TribLIVE

| News


 
Larger text Larger text Smaller text Smaller text | Order Photo Reprints

Kovacevic: Dixon's class sticks it to critics

TribLIVE Sports Videos

Daily Photo Galleries

By Dejan Kovacevic
Friday, Nov. 18, 2011
 

Jamie Dixon has little use for scouting rankings of amateur basketball talent.

He has even less use for the fan blogs and message boards that fuss over the stuff.

But in the summer of 2010, Pitt's coach couldn't help himself. He had just received a verbal commitment from some unknown teenager from New Zealand, of all places, and Dixon was dying to see the reaction from his critics, those who long have accused him of failing to land elite recruits.

"Just this once, I had to look," he said with a grin the other day at Petersen Events Center. "Sure enough, all I saw was, 'What's Jamie doing?' and 'Who is this kid?' That's what everyone wanted to know."

Not so much anymore.

The New Zealander, of course, is Steven Adams. He's the 7-foot center who suddenly is a consensus top-10 recruit after a dominating performance in an international tournament this summer.

Now, they're calling Adams the greatest recruit in Pitt history, and they're fretting that he'll bolt for the NBA after his freshman year.

And now, with Adams and consensus top-50 guard James Robinson signing letters of intent a week ago, they're buzzing about the Panthers' recruiting class — just those two players — ranked among the nation's top eight by ESPN, CBS Sports and Rivals.com.

Sounds exciting, doesn't it?

With all due respect to the ninth-ranked team that has solid seniors in Ashton Gibbs and Nasir Robinson, with all due respect to their predecessors who helped build the program, it's conceivable that the 2012-13 Panthers could be the school's most talented team ever.

But good luck getting Dixon to project anything past this afternoon's practice, especially after that defensive bomb Wednesday in the 86-76 loss to Long Beach State.

This is about as much as he'll say of 2012-13: "On paper, we're going to be good. We're still going to be considered a young team, by today's standards."

Younger, even, than the current team, which has six freshmen. One of those is 6-9 center Khem Birch, who had been considered Pitt's best recent recruit until Adams. Birch has looked raw so far, averaging less than a bucket per game, but his ceiling is high. Another is dynamic guard Cameron Wright, already seeing 14 minutes per game.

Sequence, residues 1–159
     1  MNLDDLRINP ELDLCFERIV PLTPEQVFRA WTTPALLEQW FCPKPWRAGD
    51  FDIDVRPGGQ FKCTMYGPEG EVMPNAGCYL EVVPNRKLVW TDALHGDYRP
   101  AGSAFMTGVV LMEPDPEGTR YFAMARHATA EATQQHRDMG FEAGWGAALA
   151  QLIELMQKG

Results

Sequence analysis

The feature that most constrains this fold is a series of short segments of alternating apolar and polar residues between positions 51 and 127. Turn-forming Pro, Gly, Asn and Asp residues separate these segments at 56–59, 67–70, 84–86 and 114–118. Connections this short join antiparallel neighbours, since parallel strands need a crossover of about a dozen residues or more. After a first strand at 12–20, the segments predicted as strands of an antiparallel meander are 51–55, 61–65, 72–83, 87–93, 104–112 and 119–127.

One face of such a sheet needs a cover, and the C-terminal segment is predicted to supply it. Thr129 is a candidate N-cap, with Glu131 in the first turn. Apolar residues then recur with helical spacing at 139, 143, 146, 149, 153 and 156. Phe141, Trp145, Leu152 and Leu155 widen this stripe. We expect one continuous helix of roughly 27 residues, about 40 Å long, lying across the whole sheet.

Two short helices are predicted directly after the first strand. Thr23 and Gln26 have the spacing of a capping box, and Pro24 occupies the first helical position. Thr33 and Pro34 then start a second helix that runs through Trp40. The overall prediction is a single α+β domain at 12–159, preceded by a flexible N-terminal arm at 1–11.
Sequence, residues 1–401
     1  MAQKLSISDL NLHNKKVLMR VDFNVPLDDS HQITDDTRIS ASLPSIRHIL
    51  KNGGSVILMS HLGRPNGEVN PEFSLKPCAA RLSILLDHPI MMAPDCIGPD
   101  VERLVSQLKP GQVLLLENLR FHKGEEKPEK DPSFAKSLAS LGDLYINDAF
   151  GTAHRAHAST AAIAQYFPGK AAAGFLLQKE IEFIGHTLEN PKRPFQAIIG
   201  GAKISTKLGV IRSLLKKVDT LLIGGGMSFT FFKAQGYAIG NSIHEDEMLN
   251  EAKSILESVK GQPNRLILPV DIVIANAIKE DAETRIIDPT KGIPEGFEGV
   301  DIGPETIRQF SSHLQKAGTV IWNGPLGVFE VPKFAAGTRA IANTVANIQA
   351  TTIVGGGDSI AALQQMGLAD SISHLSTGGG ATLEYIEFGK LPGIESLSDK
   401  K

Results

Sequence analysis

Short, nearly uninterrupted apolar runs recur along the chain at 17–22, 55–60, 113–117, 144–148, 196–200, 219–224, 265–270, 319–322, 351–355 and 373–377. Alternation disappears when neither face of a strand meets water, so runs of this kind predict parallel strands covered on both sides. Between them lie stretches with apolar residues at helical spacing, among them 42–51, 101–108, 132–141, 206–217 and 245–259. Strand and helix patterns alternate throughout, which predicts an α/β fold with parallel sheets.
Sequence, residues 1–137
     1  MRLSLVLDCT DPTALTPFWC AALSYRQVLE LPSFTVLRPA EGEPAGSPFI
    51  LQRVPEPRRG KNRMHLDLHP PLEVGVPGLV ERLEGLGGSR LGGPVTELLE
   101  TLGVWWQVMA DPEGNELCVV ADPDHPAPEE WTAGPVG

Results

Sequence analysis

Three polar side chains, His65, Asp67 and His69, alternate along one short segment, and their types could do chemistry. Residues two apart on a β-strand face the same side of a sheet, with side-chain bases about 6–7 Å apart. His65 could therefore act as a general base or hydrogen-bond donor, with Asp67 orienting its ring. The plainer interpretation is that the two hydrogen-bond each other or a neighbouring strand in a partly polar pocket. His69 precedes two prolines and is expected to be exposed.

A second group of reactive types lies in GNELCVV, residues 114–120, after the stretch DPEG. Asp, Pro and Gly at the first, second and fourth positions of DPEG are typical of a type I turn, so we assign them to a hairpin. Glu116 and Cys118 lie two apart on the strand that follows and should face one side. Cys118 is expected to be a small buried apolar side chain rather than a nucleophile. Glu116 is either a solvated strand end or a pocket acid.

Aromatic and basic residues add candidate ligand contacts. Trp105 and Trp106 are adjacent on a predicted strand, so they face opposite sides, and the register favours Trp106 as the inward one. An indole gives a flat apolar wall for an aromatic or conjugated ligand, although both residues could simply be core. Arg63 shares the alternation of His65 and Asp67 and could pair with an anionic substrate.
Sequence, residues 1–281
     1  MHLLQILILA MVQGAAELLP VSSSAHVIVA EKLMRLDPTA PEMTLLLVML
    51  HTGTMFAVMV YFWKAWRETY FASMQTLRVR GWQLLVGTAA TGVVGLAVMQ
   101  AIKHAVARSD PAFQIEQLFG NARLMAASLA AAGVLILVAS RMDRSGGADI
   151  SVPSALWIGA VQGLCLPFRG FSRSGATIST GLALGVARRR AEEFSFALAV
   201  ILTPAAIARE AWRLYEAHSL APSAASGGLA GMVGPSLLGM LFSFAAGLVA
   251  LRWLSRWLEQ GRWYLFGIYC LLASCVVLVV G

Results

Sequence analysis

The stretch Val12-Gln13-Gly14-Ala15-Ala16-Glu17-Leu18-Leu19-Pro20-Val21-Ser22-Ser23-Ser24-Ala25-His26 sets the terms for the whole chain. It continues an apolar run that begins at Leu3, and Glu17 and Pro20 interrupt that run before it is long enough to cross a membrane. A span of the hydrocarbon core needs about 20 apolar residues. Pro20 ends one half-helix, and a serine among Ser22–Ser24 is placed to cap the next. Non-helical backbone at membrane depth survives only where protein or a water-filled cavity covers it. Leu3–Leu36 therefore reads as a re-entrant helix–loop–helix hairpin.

These kids know what's next.

"We definitely have a great recruiting class coming in, and it could be a great thing," Wright said. "But for Pitt fans and all of us on this team, that can't be our focus now."

Dixon has guided Pitt to at least one NCAA Tournament victory the past six years, a distinction no other school shares, and this team probably will be good enough to achieve that again.

But good enough isn't good enough anymore. Not after the mega-disappointment in touching No. 1 last season, only to get bounced from the Big East Tournament after one game, the NCAAs after two. More should be expected now.

The criticism of Dixon that followed those losses mostly was for not landing elite recruits. He doesn't back down from it.

"We have to be realistic about where our program was and where we'd like it to be," he said.

But the critics went too far when charging Dixon with not wanting such players, with preferring players who fit his defensive mold or who grow over time. The clamor was for more of those freshman-phenom types — think Carmelo Anthony — who could carry the Panthers to instant glory.

Thing is, Dixon wants those players, too, but on his terms. He sees Adams and Robinson as his kind of people.

"We've always believed that character is more important than the ranking assigned by a guy who has no interest in the person," Dixon said. "If there are issues with academics or integrity or NCAA allegations, we'll tend to go the other way. If that's a criticism, I'll happily accept it."

Anyone?

One criticism Dixon won't accept concerns the overall quality of the talent he's had.

"I've always thought that we've gotten very good players, and I'd think the wins, the rankings and the statistics are evidence of that."

No question, Dixon's 218-61 record is quite the testament to that. But the next step sure sounds a lot more enticing than another early exit.

?

The 2012-13 Panthers?

This could be Pitt's starting lineup next season:

Player, Position, Size, Class

Steven Adams, Center, 7-0/240, Freshman

Khem Birch, Forward, 6-9/220, Sophomore

Lamar Patterson, Forward, 6-5/221, Junior

Tray Woodall, Guard, 5-1 1190, Senior

James Robinson, Guard, 6- 3190, Freshman

 

 
 


Show commenting policy

Most-Read Columnists

Subscribe today! Click here for our subscription offers.